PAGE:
Adam Zagoria covers basketball at all levels. He is the author of two books and an award-winning journalist whose articles have appeared in ESPN The Magazine, SLAM, Sheridan Hoops, Sports Illustrated, Basketball Times and in newspapers nationwide.
Ennis Brothers Playing for Family Bragging Rights in Villanova-Syracuse Game
Tony McIntyre still remembers the day that his 7-year-old son, Dylan Ennis, was winning a blowout basketball game for the Brampton (Ontario) Blue Devils and one of the officials jokingly suggested they “put the little kid in.”
The “little kid” was 5-year-old Tyler Ennis.
“We put him in and he subbed into the game and kind of watched and played along,” recalled McIntyre, the boys’ father and longtime coach with the CIA Bounce AAU program. “It started out as a joke and then it was like, ‘Hey, he can actually play here.'”
The Ennis boys’ basketball careers have now progressed to the point where each will play for an undefeated team on Saturday at 2 p.m. when Dylan and No. 8 Villanova (11-0) visit Tyler and No. 2 Syracuse (11-0). That game will precede No. 6 Louisville visiting No. 18 Kentucky at 4 p.m. Both games are on CBS.
“They never played each other, so this is the first time,” McIntyre said with a laugh of the Tyler vs. Dylan showdown.
So how does it feel to be the father of two sons who are a combined 22-0 with the calendar about to turn to 2014?
“It’s amazing,” he said. “It’s just a testament to those teams’ hard work and those guys’ ability to fit into what their teams expect of them.”
McIntyre said so many family and friends were interested in attending that game that he would have to somehow score 30-50 tickets.
And those folks won’t be seeing benchwarmers, either.
A 19-year-old freshman point guard, Tyler is averaging 12.1 points, 5.4 assists and 3.3 rebounds for the No. 2 Orange.
A sophomore guard, Dylan, who turns 22 on Thursday, is averaging 9.1 points, 3.4 rebounds and 3.1 assists for the No. 8 Wildcats.
Each has been a major reason for his team’s success.
After Tyler went for 21 points, 6 assists and 3 rebounds in Syracuse’s 68-63 win over St. John’s last Sunday, Syracuse coach Jim Boeheim said:
“He’s a very, very smart player. As a freshman point guard, he’s playing better than anybody I’ve ever had and I’ve had just a few pretty good freshman point guards [Pearl Washington, Adrian Autry, Jason Hart and Gerry McNamara].
“He’s really been unbelievable. If he played like a normal freshman, we’d be about 7-3 probably right now.”
Dylan, meantime, averaged 12 points when Villanova won the Battle 4 Atlantis, knocking off Kansas and Andrew Wiggins, Tyler’s former CIA Bounce teammate, and Iowa en route to the title.
“Dylan gives us more of the type of guard that we had in the past,” Wildcats coach Jay Wright told Jon Rothstein of CBSSports.com. “He’s quick, bouncy, and jet-like. It’s not that the other guys we have aren’t good. Dylan’s just a little different, and more in the mold of what we’ve had here before.”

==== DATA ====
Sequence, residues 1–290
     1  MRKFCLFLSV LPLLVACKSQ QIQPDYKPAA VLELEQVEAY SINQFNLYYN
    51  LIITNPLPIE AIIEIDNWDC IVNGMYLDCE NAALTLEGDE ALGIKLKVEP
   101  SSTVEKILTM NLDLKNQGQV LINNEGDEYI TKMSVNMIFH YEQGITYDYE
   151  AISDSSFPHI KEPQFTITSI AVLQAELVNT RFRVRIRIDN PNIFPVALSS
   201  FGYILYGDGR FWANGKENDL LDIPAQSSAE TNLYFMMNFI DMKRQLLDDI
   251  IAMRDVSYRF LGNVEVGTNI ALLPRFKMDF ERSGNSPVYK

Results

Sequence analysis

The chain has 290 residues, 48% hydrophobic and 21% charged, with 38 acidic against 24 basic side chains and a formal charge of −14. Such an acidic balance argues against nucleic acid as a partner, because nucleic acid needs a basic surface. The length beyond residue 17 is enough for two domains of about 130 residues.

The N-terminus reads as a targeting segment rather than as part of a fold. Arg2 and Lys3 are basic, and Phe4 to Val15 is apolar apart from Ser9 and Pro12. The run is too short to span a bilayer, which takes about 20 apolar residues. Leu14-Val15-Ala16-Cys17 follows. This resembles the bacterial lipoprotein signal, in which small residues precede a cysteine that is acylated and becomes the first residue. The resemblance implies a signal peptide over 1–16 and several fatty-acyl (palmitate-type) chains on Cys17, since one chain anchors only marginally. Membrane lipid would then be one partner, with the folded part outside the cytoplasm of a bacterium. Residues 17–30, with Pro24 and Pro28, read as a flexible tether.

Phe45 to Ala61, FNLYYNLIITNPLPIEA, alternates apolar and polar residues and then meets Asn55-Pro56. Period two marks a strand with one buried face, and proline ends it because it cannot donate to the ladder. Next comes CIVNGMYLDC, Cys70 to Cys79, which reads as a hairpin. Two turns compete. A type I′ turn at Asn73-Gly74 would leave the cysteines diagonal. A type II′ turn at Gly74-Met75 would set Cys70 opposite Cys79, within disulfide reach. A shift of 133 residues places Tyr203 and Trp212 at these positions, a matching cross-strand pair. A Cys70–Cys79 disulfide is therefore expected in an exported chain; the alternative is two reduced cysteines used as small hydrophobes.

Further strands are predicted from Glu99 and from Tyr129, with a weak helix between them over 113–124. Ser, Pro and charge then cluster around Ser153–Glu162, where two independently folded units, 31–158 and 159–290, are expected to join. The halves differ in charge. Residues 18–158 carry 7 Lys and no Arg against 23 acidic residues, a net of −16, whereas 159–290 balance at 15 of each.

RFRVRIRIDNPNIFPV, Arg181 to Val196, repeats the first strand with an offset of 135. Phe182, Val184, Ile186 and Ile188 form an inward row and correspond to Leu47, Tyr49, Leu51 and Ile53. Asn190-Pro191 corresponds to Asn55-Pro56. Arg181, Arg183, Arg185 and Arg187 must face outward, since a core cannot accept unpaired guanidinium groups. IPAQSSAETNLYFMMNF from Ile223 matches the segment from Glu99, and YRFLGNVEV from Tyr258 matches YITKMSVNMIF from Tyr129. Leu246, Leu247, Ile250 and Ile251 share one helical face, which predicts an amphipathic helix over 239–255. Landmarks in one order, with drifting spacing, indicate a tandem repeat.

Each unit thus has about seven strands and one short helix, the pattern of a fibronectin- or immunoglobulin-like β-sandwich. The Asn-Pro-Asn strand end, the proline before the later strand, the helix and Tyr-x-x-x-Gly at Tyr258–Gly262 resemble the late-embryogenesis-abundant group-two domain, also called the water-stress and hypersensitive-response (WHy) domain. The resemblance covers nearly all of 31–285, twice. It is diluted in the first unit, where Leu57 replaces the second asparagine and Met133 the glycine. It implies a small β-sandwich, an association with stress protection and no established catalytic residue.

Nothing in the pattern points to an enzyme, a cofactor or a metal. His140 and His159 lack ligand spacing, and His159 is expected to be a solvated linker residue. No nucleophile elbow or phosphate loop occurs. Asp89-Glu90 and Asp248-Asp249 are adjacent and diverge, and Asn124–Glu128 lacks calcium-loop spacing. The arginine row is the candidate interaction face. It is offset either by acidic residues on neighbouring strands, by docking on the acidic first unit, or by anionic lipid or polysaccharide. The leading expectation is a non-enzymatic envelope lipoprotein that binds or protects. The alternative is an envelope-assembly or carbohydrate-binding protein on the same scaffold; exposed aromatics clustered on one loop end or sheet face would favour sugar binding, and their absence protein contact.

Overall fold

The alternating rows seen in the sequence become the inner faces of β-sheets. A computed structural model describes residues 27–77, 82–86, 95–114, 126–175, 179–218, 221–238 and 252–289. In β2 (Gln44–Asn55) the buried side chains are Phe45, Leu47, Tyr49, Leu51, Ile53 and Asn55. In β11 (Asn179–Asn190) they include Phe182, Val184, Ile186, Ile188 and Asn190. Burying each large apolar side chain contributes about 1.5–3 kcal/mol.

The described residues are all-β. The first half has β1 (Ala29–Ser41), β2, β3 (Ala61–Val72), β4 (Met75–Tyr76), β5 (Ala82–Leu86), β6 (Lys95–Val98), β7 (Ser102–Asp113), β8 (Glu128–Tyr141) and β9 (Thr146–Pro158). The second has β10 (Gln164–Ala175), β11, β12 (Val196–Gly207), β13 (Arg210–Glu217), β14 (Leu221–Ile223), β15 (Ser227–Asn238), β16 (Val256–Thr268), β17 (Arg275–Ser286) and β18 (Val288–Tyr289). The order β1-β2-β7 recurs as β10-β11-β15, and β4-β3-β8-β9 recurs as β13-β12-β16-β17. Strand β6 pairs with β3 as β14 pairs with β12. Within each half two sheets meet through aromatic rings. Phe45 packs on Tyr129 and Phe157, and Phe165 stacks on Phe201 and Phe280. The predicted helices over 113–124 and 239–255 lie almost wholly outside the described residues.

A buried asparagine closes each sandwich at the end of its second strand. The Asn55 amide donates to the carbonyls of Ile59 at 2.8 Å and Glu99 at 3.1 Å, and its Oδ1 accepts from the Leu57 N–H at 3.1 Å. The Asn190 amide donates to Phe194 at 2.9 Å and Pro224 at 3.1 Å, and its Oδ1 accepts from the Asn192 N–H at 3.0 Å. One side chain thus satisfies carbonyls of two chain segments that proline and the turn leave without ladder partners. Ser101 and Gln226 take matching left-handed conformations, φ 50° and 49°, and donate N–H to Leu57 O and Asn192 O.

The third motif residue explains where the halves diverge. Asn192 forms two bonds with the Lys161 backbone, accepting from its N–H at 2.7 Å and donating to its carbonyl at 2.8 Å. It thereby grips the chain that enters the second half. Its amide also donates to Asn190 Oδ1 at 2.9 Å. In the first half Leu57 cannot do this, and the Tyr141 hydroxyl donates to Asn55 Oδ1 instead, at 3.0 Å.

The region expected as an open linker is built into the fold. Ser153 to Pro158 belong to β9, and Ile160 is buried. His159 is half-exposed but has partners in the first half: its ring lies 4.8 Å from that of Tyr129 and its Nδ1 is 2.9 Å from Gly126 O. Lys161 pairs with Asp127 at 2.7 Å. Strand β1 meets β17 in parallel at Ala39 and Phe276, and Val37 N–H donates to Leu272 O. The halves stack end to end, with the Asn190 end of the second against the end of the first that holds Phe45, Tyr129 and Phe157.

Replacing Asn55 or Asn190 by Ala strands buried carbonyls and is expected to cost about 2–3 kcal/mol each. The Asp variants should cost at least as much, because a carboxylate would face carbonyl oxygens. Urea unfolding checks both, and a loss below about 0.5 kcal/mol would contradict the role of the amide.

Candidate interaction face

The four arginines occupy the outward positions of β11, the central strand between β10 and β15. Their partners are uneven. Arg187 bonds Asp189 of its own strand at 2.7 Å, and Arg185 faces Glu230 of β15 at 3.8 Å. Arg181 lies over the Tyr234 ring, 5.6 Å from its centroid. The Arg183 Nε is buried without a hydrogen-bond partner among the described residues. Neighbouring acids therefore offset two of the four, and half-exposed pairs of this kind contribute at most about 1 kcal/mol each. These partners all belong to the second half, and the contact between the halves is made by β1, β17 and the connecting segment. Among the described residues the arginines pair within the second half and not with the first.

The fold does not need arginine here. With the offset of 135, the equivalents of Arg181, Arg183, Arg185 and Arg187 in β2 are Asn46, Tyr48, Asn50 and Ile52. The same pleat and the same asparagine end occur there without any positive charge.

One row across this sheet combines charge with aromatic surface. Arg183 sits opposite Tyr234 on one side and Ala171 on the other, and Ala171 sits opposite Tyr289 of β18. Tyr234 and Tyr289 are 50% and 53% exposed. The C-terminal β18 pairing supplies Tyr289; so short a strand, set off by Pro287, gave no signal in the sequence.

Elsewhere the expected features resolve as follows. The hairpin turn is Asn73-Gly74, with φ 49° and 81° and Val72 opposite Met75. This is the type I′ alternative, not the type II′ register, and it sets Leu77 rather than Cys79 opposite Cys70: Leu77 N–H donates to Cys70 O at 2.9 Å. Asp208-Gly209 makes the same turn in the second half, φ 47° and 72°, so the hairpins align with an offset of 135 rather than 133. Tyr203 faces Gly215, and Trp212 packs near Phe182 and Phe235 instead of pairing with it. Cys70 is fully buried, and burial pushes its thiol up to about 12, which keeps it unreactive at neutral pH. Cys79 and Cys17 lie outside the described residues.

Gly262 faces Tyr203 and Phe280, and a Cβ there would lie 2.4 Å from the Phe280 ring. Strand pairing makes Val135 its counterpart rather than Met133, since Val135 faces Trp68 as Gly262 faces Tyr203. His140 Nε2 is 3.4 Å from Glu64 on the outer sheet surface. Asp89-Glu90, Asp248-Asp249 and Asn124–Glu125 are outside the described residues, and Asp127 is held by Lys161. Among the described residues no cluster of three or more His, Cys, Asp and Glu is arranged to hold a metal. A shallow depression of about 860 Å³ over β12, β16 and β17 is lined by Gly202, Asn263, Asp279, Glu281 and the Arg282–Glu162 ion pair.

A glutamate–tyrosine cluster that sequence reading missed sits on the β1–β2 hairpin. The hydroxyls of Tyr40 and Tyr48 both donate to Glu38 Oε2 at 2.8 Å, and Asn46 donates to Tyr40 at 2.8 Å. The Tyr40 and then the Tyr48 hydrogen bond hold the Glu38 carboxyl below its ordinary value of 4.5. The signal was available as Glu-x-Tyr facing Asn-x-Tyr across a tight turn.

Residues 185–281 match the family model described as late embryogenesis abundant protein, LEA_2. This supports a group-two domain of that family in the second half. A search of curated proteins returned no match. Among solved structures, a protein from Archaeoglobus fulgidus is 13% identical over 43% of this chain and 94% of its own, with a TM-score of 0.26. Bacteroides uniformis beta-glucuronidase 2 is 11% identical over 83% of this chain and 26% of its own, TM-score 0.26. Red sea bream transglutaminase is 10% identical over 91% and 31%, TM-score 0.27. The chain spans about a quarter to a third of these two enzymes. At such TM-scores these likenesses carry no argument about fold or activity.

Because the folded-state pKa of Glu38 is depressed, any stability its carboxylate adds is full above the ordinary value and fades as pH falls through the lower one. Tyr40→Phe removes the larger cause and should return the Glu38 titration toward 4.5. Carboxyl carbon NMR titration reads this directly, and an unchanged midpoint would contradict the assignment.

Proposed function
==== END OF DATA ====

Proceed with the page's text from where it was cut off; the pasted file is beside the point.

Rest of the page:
The Ennis brothers are part of a larger wave of ascendant Canadian talent that includes Tristan Thompson, the No. 4 pick in the 2011 NBA Draft and a former Brampton Blue Devils teammate of the Ennis brothers.
“It was kind of a three-headed approach with those guys where each of them brought something different,” McIntyre said.
Of course, the Canadian wave also includes Anthony Bennett, the No. 1 pick in the 2013 NBA Draft, Wiggins, the potential No. 1 pick in 2014, Gonzaga junior guard Kevin Pangos, Boston College sophomore guard Olivier Hanlan, UNLV junior forward Khem Birch and others.
“It’s just amazing that they’re able to work on their game here and develop and then be able to walk in and be able to be major contributors at these top universities down in the States,” McIntyre said.
Dylan and Tyler are home in Canada this week for Christmas — and unavailable to the media until later this week.
Still, the brothers are living, eating and training together this week. When they attended the CIA Bounce holiday party Monday night at a banquet center in Toronto, McIntyre said there were a lot of questions for the brothers.
“Basically everyone’s just asking them, ‘Who’s gonna win? Who’s got the better team? Are you guys gonna guard each other? How are you gonna guard each other?” he said.
As for the breakfast and dinner conversation around the household this week, the Ennis brothers each have a message for the other.
“They’re each telling the other it’s unfortunate you’re going to lose,” McIntyre said.
As for their father, he can’t lose. No matter who wins the Syracuse-Villanova game, the family comes out on top.
“Hey, I’m in a situation where I’m just proud of them for getting to where they are and proud of the teams that they both play for,” McIntyre said. “I’m just going to sit there and enjoy it.”
Photos: Tony McIntyre; Getty Images
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Adam Zagoria is a New York Times contributor and Basketball Insider who covers basketball at all levels. He is the author of two books and is an award-winning journalist whose articles have appeared in ESPN The Magazine, SLAM, Sheridan Hoops, Sports Illustrated, Basketball Times and in newspapers nationwide.
A veteran Ultimate Frisbee player, he has competed in numerous National and World Championships and, perhaps more importantly, his teams won the Westchester Summer League (WSL) championships in 2011 and 2013.
He lives in Manhattan with his wife and children.